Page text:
The beginning of this story, where a father kept his daughter, Elizabeth (her picture from years ago below) in a windowless cellar for 24 years and had 7 children with her is here.
The update below is taken from here.
19 year old Kerstin is in a critical state, her predictions to survive are slim.
Josef Fritzl is being connected with 3 other rape cases back in the 60-ties.
The colour blue; birdsong, moving traffic and the rustling of leaves: all that and much more is alarmingly new for two of the Austrian children who have spent their lives locked in an underground bunker.
Bernhard Kepplinger, the supervising doctor for the Fritzl family – the three relatively well-adjusted children who were brought up above ground and the three from the cellar – is more cautious: “Each child will need individual therapy and we should be careful not to overdo it.”
One problem has been separating the two boys from their mother, Elisabeth. “They were probably overprotected by their mother in the cellar,” Dr Friedrich said.
Elisabeth, 42, had to shield them from the sexual abuse of her – and their – father, Josef. When they heard the sounds of their father having sex with their mother they would retreat to one of the bedrooms and watch television to blank out the noise. Now, influenced by so much television, the children’s view of the world is two, rather than three-dimensional.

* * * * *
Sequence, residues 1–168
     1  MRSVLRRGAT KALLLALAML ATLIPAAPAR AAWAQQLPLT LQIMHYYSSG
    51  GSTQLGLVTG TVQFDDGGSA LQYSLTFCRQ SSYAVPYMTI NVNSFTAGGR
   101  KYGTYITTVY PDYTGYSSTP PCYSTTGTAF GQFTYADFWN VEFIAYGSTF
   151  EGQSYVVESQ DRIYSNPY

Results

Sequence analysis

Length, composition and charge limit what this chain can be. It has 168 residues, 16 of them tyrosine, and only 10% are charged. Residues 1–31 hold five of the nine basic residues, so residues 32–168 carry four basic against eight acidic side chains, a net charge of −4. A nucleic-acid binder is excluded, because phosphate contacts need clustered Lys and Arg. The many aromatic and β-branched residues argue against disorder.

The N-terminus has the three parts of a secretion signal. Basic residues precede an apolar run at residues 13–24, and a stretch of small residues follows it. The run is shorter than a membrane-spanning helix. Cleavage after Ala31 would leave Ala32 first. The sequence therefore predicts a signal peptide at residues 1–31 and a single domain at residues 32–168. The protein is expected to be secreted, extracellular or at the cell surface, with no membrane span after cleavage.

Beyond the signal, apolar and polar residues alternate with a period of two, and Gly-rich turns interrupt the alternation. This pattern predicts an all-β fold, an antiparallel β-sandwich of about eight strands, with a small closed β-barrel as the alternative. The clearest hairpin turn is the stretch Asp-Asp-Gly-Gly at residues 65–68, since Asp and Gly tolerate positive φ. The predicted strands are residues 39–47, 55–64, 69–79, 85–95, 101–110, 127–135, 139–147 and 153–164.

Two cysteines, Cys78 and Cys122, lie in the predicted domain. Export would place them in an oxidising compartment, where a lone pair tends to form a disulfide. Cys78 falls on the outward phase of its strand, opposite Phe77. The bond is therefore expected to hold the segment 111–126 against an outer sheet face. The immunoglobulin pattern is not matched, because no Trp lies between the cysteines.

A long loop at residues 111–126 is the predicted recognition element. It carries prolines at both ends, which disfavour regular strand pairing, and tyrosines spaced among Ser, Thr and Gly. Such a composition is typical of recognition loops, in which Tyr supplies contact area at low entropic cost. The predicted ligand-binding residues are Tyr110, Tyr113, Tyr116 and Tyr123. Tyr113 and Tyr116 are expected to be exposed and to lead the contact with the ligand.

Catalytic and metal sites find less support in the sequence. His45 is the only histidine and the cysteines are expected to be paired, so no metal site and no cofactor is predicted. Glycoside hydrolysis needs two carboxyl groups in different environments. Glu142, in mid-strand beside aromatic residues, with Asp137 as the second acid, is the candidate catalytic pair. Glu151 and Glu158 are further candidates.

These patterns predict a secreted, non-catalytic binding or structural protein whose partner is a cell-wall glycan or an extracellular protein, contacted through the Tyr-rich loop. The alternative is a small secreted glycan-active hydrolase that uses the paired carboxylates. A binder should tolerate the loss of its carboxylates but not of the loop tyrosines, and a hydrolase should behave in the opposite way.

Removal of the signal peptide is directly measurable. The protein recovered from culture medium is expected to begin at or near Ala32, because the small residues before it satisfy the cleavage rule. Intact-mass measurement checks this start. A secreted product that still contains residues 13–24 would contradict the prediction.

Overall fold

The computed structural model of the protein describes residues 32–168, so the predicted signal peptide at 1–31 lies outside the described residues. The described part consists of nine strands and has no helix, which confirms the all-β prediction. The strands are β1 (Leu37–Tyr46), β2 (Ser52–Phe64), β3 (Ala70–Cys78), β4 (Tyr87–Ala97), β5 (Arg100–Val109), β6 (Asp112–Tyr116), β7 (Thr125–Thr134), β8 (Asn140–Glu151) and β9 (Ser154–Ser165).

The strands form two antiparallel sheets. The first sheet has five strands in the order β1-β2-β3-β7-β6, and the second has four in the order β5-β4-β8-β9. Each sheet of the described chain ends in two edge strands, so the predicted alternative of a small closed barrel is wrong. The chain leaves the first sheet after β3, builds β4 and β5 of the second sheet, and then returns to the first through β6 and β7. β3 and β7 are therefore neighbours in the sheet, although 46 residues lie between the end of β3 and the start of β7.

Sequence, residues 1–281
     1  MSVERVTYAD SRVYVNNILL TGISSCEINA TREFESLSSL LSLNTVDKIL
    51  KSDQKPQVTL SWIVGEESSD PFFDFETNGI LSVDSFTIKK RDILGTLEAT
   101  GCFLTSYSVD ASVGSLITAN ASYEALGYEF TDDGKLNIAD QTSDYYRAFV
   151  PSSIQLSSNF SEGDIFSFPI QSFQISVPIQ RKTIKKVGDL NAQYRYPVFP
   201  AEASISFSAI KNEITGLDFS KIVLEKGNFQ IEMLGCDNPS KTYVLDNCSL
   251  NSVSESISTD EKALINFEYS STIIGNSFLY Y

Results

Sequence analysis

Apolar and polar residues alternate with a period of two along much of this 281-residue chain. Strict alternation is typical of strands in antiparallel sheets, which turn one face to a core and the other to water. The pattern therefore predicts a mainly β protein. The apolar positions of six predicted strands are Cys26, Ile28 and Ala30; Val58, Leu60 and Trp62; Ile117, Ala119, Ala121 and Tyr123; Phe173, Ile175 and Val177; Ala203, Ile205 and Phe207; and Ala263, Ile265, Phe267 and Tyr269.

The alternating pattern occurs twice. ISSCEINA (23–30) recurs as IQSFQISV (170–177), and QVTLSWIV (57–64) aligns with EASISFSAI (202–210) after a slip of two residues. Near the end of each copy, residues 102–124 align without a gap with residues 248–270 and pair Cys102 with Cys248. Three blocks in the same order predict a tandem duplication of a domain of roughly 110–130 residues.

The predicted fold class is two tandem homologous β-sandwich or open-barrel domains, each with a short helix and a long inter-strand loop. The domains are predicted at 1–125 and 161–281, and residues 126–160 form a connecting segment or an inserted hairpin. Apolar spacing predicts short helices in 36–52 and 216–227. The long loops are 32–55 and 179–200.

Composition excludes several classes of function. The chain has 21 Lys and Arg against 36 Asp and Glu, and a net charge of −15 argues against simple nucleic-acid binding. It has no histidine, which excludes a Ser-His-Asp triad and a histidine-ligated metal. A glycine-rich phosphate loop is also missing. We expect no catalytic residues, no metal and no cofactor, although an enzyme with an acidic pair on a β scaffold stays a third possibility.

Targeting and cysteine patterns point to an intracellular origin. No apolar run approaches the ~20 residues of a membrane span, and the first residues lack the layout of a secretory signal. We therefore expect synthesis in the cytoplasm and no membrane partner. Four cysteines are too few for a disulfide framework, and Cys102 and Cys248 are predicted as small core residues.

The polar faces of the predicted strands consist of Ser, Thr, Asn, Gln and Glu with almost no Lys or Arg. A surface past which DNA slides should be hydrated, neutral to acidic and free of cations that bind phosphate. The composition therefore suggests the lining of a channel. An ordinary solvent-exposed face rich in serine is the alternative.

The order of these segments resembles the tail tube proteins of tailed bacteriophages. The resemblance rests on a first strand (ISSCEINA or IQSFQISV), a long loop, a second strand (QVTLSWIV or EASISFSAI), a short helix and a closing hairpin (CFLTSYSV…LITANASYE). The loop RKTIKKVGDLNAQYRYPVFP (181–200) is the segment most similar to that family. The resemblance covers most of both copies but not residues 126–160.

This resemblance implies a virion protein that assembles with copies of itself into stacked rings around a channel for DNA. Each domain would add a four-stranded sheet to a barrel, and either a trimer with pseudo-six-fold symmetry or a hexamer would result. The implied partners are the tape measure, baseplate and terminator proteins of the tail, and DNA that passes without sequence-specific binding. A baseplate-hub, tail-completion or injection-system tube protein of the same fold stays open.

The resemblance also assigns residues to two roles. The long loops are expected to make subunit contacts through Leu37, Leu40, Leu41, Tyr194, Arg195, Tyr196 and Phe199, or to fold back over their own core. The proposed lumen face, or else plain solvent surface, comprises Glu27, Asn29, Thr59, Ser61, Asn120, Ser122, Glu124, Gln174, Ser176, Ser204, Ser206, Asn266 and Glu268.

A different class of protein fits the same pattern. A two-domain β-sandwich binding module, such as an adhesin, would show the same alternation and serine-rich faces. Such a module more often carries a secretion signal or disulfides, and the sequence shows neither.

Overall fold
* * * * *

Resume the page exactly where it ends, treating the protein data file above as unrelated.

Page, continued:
The youngest boy is given the best chance of recovery because of his relatively short period in the dungeon. He is curious rather than threatened by the outside world. When he was first taken out of the cellar he asked a policeman: “Is that God up there?” pointing at the sky.
The older boy reportedly has problems with balance and co-ordination.
The hospital lifts have been frightening for the boys. When the doors close, they panic: fears of the cellar dungeon are still very fresh.
The younger boy is said to be confused by the ringtones of mobile phones. As for the older one, he has grown to adolescence in the improvised prison created by his father. The television has given him some idea about cars, computers and politicians, but it is all very abstract.
Some things are familiar – the smell of food from the cooking ring – and the psychiatric team is trying to build on the recognized sensations while extending his range.
Never in modern Europe has there been a case of such sustained sensory deprivation. Even Natascha Kampusch, who escaped from her kidnapper 18 months ago, spent part of her captivity upstairs, was allowed occasionally into the garden and was even taken on a trip to the mountains by her abductor. Moreover, she was already 10 years old when she was first kidnapped, already quite articulate, able to read and write and aware that she was a captive. None of the cellar children were told they were prisoners; Elisabeth presented their cellar existence as normal life.